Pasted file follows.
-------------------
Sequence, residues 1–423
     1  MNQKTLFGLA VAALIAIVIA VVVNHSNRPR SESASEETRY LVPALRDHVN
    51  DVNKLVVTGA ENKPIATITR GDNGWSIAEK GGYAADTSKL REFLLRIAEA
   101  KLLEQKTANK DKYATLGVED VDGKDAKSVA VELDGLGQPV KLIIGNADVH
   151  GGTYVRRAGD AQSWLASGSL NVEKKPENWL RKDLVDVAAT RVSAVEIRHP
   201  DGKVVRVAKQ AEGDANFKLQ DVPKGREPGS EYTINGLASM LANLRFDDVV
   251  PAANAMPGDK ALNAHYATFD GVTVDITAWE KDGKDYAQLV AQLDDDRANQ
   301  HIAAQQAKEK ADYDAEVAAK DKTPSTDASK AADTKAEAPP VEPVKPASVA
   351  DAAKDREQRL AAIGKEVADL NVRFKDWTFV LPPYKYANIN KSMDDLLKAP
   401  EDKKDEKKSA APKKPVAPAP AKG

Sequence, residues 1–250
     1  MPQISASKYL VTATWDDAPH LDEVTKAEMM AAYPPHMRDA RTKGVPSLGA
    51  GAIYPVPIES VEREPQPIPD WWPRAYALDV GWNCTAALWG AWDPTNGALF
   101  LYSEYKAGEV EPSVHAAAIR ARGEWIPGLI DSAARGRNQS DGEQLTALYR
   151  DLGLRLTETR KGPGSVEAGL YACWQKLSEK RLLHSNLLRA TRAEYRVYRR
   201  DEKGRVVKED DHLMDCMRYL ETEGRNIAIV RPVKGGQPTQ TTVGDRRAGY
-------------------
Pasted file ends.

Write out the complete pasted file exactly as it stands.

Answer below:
Sequence, residues 1–423
     1  MNQKTLFGLA VAALIAIVIA VVVNHSNRPR SESASEETRY LVPALRDHVN
    51  DVNKLVVTGA ENKPIATITR GDNGWSIAEK GGYAADTSKL REFLLRIAEA
   101  KLLEQKTANK DKYATLGVED VDGKDAKSVA VELDGLGQPV KLIIGNADVH
   151  GGTYVRRAGD AQSWLASGSL NVEKKPENWL RKDLVDVAAT RVSAVEIRHP
   201  DGKVVRVAKQ AEGDANFKLQ DVPKGREPGS EYTINGLASM LANLRFDDVV
   251  PAANAMPGDK ALNAHYATFD GVTVDITAWE KDGKDYAQLV AQLDDDRANQ
   301  HIAAQQAKEK ADYDAEVAAK DKTPSTDASK AADTKAEAPP VEPVKPASVA
   351  DAAKDREQRL AAIGKEVADL NVRFKDWTFV LPPYKYANIN KSMDDLLKAP
   401  EDKKDEKKSA APKKPVAPAP AKG

Sequence, residues 1–250
     1  MPQISASKYL VTATWDDAPH LDEVTKAEMM AAYPPHMRDA RTKGVPSLGA
    51  GAIYPVPIES VEREPQPIPD WWPRAYALDV GWNCTAALWG AWDPTNGALF
   101  LYSEYKAGEV EPSVHAAAIR ARGEWIPGLI DSAARGRNQS DGEQLTALYR
   151  DLGLRLTETR KGPGSVEAGL YACWQKLSEK RLLHSNLLRA TRAEYRVYRR
   201  DEKGRVVKED DHLMDCMRYL ETEGRNIAIV RPVKGGQPTQ TTVGDRRAGY